Medicare is a federal health insurance program for people who are 65 or older. It is also available to certain younger people with disabilities, and people with end-stage renal disease.

 

Medicare is comprised of several parts. Medicare Part A provides inpatient/hospital coverage. Part A is premium free if you worked for at least 10 years. You may also be eligible for coverage if your spouse worked for at least 10 years. The Part A deductible is $1,632 for each time you’re admitted to the hospital per benefit period, before Original Medicare starts to pay.

 

Medicare Part B provides outpatient/medical coverage, including doctors office visits and services. It also covers home health care; durable medical equipment, like wheelchairs, hospital beds and other equipment; and many preventive services, like screenings, vaccines and yearly wellness visits.

The Medicare Part B premium in 2024 is $174.70 per month (or higher, depending on your income). The amount can change each year. You might pay a penalty if you don’t sign up for Part B when you first become eligible for Medicare (usually when you turn 65). The deductible for Part B in 2024 is $240. You pay this deductible once each year. Additionally, you will usually pay a coinsurance of 20% for the cost of each Medicare-covered service or item after you’ve met your deductible.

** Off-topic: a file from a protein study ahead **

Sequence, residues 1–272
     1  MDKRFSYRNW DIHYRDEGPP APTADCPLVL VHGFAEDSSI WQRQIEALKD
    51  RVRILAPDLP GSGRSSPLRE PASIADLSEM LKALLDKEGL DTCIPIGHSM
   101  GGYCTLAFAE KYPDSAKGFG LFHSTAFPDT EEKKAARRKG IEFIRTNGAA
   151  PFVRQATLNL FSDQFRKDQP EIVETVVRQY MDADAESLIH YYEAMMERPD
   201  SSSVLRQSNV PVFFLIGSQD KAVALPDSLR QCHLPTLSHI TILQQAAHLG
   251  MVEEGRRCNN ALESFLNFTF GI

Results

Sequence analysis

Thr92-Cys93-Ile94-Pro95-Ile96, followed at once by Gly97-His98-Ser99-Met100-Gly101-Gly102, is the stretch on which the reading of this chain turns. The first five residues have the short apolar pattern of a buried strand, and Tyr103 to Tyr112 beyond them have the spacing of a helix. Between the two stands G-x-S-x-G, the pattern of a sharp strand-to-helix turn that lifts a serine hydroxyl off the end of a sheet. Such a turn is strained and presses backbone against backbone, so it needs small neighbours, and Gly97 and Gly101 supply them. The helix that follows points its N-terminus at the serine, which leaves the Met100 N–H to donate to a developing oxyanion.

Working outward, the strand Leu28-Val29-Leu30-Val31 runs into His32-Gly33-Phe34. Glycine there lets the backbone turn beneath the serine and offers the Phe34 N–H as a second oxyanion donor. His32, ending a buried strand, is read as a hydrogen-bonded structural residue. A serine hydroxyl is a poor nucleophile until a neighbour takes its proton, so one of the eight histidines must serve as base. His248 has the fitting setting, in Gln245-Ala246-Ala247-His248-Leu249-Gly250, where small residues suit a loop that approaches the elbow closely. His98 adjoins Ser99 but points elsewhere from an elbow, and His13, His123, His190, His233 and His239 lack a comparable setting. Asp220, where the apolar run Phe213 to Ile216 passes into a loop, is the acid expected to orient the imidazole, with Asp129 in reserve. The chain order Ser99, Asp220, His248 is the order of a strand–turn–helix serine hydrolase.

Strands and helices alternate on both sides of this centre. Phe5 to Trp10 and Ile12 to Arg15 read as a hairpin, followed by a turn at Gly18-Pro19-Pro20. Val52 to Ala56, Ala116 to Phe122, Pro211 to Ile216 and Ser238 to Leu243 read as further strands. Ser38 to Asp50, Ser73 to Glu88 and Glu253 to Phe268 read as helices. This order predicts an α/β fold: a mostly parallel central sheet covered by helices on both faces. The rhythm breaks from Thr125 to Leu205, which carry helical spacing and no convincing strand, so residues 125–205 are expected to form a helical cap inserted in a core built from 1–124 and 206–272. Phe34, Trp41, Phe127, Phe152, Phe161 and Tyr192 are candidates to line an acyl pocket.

Medicare Parts A and B are often referred to as “Original Medicare.”

Medicare Part D provides prescription drug coverage. Monthly premiums vary based on the plan you select.

Medicare Part C is also known as Medicare Advantage. It’s an umbrella term for private insurance programs that offer several coverage types, often combining Parts A, B and D. It may also include dental, vision and hearing coverage. Deductibles, coinsurance, and copayments vary based on which plan you join. You’re also limited to in-network providers on an Advantage plan, unlike on Original Medicare, which is universally accepted. 

A Medicare supplement is a private insurance plan that works in conjunction with Medicare to keep your costs low or even at zero. 

If you are already receiving Social Security benefits when you turn 65, you may be automatically enrolled in Part A and Part B. However, if you’re not receiving Social Security benefits, you’ll need to actively enroll in Medicare Part B during the Initial Enrollment Period, or IEP. This period begins three months before you turn 65 and ends three months after.